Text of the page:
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This Cockatoo Can Shake His Tail Feathers

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This Cockatoo Can Shake His Tail Feathers

This Cockatoo Can Shake His Tail Feathers

This Cockatoo Can Shake His Tail Feathers

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  • <iframe src="" width="100%" height="290" frameborder="0" scrolling="no" title="NPR embedded audio player">
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Irena Schulz filmed her sulphur-crested cockatoo, Snowball, dancing to the Backstreet Boys. It was a YouTube sensation. A couple of neuroscientists, including John Iversen of the Neurosciences Institute, saw the video and decided to look into it.


Flora Lichtman is here with our Video Pick of the Week. Hi, Flora.


FLATOW: What have you got for us today?

LICHTMAN: Well, we have some comic relief after that hour…

(Soundbite of laughter)

LICHTMAN: …of swine flu. The - it's a couple of bird videos. And the first one is a dancing cockatoo.

FLATOW: Now, we've seen that all over YouTube, right?

LICHTMAN: All right. We're not - okay, we're not the first one to have this video footage. It was a viral YouTube sensation.


LICHTMAN: But the funny part is that of the millions of viewers, there were two - a couple of neuroscientists out in California. And they said to themselves - they specialize in music - and said, you know, we should really look into this. So they called up the owner, and she said, okay. If you want to do an experiment with my bird, Snowball, go for it. And that's how it all began.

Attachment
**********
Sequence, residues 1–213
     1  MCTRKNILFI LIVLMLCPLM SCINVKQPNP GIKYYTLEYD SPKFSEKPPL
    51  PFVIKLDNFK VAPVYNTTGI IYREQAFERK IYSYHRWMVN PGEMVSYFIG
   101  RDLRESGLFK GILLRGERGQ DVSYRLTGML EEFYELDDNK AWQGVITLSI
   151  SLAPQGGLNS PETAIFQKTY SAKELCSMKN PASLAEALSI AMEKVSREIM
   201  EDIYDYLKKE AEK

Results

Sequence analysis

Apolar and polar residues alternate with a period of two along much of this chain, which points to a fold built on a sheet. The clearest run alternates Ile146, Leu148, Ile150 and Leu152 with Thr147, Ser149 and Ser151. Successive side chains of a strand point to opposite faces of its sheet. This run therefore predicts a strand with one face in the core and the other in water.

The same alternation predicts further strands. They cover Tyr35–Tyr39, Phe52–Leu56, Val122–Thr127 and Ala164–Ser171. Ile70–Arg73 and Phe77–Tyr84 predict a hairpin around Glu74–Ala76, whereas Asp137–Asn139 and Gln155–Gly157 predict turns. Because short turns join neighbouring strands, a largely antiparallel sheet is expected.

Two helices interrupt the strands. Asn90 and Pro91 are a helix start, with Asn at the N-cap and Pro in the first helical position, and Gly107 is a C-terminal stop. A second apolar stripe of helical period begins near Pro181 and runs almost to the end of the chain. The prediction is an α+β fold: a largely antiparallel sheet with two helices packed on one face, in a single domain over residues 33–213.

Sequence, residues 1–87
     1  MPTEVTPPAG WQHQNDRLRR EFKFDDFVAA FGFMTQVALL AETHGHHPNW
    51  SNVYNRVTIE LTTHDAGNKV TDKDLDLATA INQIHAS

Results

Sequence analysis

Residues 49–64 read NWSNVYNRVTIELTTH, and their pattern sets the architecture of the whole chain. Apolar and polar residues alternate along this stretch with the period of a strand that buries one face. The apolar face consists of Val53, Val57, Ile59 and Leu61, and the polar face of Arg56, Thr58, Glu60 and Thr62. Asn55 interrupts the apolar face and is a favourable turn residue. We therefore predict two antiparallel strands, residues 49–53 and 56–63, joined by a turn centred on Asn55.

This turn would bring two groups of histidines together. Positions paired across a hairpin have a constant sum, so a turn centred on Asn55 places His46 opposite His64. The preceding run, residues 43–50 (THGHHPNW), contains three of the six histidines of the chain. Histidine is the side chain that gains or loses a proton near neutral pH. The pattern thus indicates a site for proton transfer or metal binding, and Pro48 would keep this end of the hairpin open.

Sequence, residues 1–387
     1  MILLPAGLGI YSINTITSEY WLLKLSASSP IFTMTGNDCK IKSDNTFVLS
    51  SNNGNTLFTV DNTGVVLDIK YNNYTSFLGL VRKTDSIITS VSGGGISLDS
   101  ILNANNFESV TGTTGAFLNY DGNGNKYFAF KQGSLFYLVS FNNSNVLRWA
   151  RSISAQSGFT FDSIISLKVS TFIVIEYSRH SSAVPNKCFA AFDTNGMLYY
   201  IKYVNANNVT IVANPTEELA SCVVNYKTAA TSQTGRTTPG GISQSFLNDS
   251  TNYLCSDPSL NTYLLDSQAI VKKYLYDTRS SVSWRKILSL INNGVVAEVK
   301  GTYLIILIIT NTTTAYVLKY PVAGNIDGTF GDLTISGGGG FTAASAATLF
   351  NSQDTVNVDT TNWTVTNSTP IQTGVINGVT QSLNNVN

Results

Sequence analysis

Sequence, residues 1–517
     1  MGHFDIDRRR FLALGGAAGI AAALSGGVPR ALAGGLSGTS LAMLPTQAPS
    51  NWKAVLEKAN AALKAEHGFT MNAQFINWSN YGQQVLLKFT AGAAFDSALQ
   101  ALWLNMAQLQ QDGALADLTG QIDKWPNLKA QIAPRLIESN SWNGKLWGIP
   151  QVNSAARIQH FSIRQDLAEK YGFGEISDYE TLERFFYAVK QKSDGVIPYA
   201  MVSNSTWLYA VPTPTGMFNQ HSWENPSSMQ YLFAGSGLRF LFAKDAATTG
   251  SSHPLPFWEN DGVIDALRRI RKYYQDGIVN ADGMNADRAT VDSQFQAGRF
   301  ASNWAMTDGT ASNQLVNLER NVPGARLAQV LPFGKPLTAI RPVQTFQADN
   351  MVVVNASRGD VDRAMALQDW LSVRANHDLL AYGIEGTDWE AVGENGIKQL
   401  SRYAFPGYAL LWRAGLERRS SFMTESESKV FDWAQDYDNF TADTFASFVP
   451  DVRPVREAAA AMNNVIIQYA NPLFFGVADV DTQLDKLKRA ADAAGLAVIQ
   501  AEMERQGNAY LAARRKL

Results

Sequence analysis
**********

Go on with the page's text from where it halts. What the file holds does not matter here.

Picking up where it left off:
FLATOW: So they - they actually went to Snowball with some music and played different beats of music?

LICHTMAN: So they played - Snowball's favorite song, apparently, is by the Backstreet Boys. Just, Snowball loves to get down to the Backstreet Boys. So they played the Backstreet Boys to Snowball and found, after some analysis of the video, that Snowball really was hitting the beat. But the kind of more amazing thing is that they changed the tempo on the song and Snowball adjusted his rhythm, so he's like a better dancer than probably most people.

(Soundbite of laughter)

FLATOW: Wow. And we could see this at - if you go to our Web site, it's, we have the new video of Snowball dancing to the different beats and the interviews with the scientists.

LICHTMAN: Yeah. And they explained - I mean, there is some sort of significance here.


LICHTMAN: It's not just cute. It also raises new questions about, you know, the brain circuitry required for music. It was thought to be kind of a human thing. But this suggests that, you know, maybe not.

FLATOW: And any other video? We have a listener video.

LICHTMAN: Yeah. We have a great - this week, we have a great listener-submitted video. Thanks to Dakin Henderson, who is a student who works out in the field, studying owls out in Colorado. And he - while he was out there, he took some video footage of, he and his colleagues, capturing these owls from the tree. And it really is spectacular.

FLATOW: Wow. So we've got two birds for the price of one…